"This fire is not a devastating fire , " observed Lou French, USFS Information Officer for the Craig Draw Fire.
As a matter of fact, "it may actually be healthy for the forest here," French points out.
As the USFS enters its 100th year (and its 100th year of fire suppression), there is evidence to suggest that some fire is beneficial to the health of forested ecosystems, although debate continues as to how much suppression or burning is the right amount.
For now, the danger of the Craig Draw fire has passed, with no property damage or injuries to fire crews, livestock or wildlife.
As of Thursday, the Craig Draw fire is 85 percent contained. As the smoke settles, crews are "mopping up" the last hot spots.
Although record temperatures and blustery winds have contributed to everything from flare-ups to creeping, backing, torching and even a spot fire outside the fire line, full containment is expected today.
On Thursday, the expanding operation at the Craig Draw Fire engaged 254 firefighters. As for equipment, three engines, five crews, one 'dozer, three helicopters and one fixed-wing aircraft were deployed to battle what was left of the blaze.
Not quite one week ago, plumes of smoke billowed thousands of feet above the mesas, filling the mountain valleys with haze.
Now, it's just small puffs of isolated flare-ups and steadily smoldering hot spots wafting smoke into the mountain air.
And while the potential to escape containment exists, firefighting teams are confident that the fire is on its way to being under control.
"We always make conservative estimates of containment," said French
Just one week ago today, lightning ignited the Craig Draw Fire; with hot dry winds fanning the flames, it exploded the next day, going on to burn approximately 580 acres of pinion, juniper, ponderosa and scrub-oak forest along the rim of the San Miguel River Canyon.
Four miles east of Norwood, Craig Draw's thick stands of scrub oak (much of it standing dead) alongside weeds and grasses provided a substantial fuel source in the understory, further complicating the firefighting effort.
"This stuff makes it tough to fight," Forest Service Safety Officer Jim Cafferty said of the scrub oak.
"It won't burn when you may want it to," added Cafferty (like you want it to when clearing a fire line, for instance) and then "when it does burn it doesn't want to go out," he said of the timber that's fueling this particular fire.
'ONE FOOT IN THE BLACK'
So just how is forest fire put out?
"It's a coordinated team effort from the lowest to the top," said USFS Operations Chief Jim Dunn. "Everyone is important.
"Most of these firefighters have worked together before, and that helps to be more effective and safe," he added.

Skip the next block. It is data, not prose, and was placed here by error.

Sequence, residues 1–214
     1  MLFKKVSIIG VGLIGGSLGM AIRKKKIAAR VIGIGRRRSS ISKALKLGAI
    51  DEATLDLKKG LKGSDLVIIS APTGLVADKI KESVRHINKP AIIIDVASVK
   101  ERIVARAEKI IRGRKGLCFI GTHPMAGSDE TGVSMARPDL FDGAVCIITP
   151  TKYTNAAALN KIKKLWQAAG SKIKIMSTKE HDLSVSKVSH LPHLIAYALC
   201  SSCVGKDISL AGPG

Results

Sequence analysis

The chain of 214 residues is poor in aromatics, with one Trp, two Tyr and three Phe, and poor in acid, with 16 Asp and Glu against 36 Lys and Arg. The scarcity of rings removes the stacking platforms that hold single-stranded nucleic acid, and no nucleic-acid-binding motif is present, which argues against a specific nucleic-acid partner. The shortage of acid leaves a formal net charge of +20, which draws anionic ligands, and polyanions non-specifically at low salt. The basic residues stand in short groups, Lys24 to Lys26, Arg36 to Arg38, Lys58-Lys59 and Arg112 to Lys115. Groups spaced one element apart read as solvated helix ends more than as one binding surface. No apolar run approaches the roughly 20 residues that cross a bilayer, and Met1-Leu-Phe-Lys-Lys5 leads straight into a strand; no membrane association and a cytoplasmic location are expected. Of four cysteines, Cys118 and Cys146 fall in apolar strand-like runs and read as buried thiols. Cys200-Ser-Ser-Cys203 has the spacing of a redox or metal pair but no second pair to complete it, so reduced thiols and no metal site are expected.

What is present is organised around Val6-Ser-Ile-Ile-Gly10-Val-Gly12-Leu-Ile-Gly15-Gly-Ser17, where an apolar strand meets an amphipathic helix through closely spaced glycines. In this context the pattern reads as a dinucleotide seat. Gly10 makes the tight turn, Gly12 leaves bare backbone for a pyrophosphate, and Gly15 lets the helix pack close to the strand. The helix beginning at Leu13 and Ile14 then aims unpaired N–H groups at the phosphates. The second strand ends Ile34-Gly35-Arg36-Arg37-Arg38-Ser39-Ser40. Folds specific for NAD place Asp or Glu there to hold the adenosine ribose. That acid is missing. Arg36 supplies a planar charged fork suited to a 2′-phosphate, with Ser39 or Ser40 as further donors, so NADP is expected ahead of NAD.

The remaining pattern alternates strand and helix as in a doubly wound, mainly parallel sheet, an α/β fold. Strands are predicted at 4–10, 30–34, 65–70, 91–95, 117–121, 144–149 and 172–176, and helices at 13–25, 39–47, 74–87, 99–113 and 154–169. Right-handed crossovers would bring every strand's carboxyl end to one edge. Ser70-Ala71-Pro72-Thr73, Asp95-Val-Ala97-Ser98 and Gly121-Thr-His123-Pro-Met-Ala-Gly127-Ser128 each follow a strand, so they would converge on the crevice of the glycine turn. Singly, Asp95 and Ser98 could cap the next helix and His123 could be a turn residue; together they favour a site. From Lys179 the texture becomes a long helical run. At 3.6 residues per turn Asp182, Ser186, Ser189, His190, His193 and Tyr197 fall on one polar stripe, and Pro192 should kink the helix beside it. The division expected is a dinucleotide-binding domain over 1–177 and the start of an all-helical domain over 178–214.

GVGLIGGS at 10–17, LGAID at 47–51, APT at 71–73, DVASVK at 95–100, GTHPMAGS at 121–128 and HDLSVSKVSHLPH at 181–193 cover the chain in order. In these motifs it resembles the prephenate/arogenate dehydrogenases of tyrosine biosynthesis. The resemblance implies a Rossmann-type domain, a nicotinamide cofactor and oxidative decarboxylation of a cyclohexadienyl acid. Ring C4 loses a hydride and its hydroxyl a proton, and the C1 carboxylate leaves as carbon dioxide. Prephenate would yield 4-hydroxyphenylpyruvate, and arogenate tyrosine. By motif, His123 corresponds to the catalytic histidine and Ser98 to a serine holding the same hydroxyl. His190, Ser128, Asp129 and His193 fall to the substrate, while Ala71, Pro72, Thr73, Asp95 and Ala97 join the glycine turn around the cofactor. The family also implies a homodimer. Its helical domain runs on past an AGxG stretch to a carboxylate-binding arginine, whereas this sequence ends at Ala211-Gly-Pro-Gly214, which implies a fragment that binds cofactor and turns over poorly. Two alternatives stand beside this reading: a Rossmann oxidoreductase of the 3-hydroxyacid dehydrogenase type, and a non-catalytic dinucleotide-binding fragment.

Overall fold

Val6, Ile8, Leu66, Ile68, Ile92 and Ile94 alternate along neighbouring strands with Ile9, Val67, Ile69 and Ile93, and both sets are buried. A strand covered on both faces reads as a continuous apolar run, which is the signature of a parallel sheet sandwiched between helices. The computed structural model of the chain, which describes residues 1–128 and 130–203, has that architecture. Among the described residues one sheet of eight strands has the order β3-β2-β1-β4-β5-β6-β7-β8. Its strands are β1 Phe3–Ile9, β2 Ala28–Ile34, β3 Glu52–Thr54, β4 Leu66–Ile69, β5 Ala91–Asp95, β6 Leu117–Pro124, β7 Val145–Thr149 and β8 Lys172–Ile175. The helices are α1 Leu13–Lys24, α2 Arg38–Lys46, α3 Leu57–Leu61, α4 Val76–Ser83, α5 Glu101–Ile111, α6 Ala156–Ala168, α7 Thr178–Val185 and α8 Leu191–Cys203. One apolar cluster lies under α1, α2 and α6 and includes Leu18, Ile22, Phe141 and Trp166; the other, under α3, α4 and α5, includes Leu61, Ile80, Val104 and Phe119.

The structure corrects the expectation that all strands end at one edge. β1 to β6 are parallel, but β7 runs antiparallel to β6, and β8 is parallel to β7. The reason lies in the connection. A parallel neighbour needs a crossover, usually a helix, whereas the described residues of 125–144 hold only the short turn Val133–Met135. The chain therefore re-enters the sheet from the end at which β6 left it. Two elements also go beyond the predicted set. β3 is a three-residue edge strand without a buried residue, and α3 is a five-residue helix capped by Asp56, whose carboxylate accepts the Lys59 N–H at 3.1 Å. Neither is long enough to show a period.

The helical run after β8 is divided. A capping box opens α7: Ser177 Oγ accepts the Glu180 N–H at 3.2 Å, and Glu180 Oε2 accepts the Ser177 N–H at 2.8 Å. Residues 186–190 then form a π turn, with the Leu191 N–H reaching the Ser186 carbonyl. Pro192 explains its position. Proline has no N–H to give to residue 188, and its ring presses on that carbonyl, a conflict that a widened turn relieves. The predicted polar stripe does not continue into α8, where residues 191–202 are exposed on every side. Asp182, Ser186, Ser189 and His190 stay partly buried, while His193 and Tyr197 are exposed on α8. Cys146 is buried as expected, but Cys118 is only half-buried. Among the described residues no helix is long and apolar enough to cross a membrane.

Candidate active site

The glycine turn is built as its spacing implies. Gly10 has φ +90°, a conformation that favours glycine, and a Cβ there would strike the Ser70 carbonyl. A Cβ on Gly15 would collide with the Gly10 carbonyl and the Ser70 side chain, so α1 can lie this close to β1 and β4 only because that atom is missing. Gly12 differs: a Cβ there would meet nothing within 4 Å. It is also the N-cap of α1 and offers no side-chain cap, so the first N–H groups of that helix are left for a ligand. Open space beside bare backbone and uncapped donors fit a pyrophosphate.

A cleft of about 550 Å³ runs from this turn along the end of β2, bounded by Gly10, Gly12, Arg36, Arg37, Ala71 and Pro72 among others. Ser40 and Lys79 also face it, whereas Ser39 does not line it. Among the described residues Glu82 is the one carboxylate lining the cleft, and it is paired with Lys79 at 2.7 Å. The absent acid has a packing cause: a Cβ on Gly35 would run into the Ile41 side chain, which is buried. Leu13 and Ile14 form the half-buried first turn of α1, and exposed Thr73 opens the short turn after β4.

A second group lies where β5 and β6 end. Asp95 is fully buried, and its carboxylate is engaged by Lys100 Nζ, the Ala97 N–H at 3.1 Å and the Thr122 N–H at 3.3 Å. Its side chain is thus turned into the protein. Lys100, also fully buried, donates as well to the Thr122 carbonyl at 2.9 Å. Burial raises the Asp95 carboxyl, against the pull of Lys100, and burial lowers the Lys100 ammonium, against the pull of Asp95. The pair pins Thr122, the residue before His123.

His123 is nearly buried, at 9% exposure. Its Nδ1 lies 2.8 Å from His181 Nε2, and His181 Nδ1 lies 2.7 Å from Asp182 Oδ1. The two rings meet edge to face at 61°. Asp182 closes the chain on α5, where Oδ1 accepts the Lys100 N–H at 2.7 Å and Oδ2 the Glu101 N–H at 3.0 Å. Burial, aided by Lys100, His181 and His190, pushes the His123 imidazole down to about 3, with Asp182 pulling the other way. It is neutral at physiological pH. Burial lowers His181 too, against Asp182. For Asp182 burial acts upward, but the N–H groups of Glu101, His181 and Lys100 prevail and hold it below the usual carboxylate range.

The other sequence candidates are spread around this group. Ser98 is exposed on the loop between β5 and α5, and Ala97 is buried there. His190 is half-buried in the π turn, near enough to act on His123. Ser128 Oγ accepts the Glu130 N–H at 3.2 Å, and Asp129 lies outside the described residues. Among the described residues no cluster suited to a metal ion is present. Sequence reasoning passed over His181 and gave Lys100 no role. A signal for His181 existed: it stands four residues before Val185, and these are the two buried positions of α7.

From the initial attack to when the fire is declared to be out, fighting forest fires is a complex logistical effort - a virtual military campaign.
Once a fire is reported, the most experienced and capable local firefighters are deployed to mount the initial attack - in an effort to establish a firebreak to contain the fire before it blows up.
Once crews arrive on scene, they start work at the fire's point of origin cutting, slashing, digging and clearing a path along its perimeter, keeping "one foot in the black" - firefighter jargon for the safety protocol mandating that crew members never enter with both feet an area where fuel remains to be burned up. It's safer to fight the fire at the line than indirectly with fuel, between the blaze and the firefighters.
Charred areas are likely to be cooler than are places the fire has yet to consume; in fact, one guaranteed safety zone is any place where the fire has moved through and burned up 100 percent of the fuel. Working with one foot in the black, firefighters race to catch up to the fire's leading edge, and to eventually circle it with a firebreak. Forest fires are fought from the outside in; generally, once contained, they are then left to burn out. When firefighters talk about "containment," they are referring to what percentage of the burn area they have cleared a fire line around.
Oftentimes, that initial attack is successful in putting out the fire. According to Dunn, several small fires scattered across the Western Slope just this last week have been successfully put out by initial attack, although other larger fires have kept on burning.
If the initial attack is overwhelming, an extended attack ensues, ramping up with more local personnel and equipment. If the fire continues to grow into a full-blown forest fire, it will be categorized as a type three incident, requiring more support from a wider region of resources. Larger-scale fires are classified as type two, calling for any additional personnel and equipment available to be brought in (often from thousands of miles away). At any point during the operation, air support may be deployed; when this occurs, the Federal Aviation Administration is notified and a no-fly zone is created, encompassing the burn area and adjacent space. This prevents any chance of collisions with aircraft not involved with the fire-fighting operation, while allowing the fire-fighting aircraft to fly freely where they need to go.
The Bureau of Land Management, USFS, law enforcement, firefighters and support personnel work together like a kind of orchestra, which the incident commander then conducts to its conclusion. What tactics are employed depends on the Incident Action Plan, a plan of attack prepared by the incident commander and other officials as data from on-site weather stations and from the fire line come in.